Selecting with Sulfur

Selecting with Sulfur

Author: Vikki Cantrill

Chiral 3,5-disubstituted 1,4-thiazane S-oxides – compounds containing a 6-membered ring in which a sulfur atom, at position 1, sits opposite a nitrogen atom, at position 4, that has two pendent groups at positions 3 and 5 – are biologically important and have antioxidant, anticancer, and antibiotic properties. However, the stereoselective synthesis of these compounds is challenging.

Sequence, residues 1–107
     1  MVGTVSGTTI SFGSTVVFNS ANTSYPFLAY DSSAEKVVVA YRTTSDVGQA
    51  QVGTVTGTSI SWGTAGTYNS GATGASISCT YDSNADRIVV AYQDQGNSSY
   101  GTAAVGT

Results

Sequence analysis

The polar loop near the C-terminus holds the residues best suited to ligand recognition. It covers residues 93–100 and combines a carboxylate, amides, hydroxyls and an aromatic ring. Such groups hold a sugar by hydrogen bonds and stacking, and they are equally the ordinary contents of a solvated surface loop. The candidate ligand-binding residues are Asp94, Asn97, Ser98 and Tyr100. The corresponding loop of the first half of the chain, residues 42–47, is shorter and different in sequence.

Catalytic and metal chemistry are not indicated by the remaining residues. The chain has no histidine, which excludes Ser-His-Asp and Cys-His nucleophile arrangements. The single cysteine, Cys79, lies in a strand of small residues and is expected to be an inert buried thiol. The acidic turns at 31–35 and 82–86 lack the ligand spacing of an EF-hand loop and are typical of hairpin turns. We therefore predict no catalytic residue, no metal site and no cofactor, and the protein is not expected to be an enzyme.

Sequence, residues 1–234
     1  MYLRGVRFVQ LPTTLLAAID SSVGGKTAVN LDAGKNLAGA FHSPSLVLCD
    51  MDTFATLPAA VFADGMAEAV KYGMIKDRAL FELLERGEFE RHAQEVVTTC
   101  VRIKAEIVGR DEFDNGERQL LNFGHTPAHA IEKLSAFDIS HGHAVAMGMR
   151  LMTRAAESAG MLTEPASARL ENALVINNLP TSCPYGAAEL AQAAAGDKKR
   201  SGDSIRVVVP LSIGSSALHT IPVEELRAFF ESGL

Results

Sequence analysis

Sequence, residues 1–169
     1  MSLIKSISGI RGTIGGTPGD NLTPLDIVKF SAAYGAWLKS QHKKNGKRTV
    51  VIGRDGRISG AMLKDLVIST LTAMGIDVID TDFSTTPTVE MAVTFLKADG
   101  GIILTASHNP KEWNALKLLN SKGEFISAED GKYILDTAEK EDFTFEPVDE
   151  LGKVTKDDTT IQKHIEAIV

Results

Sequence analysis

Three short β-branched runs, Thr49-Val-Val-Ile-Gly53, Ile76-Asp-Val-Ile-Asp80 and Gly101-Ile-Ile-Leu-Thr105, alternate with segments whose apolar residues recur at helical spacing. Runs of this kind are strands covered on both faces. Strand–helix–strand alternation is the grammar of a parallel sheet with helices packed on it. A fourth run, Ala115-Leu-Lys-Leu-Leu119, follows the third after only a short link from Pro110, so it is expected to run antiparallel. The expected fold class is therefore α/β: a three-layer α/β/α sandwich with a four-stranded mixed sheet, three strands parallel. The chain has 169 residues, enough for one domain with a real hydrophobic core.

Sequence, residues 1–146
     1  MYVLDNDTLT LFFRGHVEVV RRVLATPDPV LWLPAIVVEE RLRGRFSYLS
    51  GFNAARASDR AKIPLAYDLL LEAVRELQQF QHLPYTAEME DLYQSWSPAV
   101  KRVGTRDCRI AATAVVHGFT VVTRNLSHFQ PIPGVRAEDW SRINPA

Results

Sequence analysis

Cyclization of a (homo-chiral) straight-chain amine, by using an addition reaction (intramolecular aza-Michael) can lead to two different stereoisomeric products. But by simply altering the oxidation state of the sulfur atom present, Stefan Söderman and Adrian Schwan, University of Guelph, Canada, discovered they could select for a single product. Starting amines containing a sulfoxide group (R–S(=O)–R’) gave a trans product, and those with a sulfone group (R-S(=O)2-R’) gave a cis product. Both reactions were efficient (>90 % yields) and highly selective (typically >90 %). Sulfoxides are capable of forming good intramolecular H bonds, whereas sulfones are not. This difference, likely accounts for the different products owing to different induced transition states. These mechanistic differences are currently under investigation.


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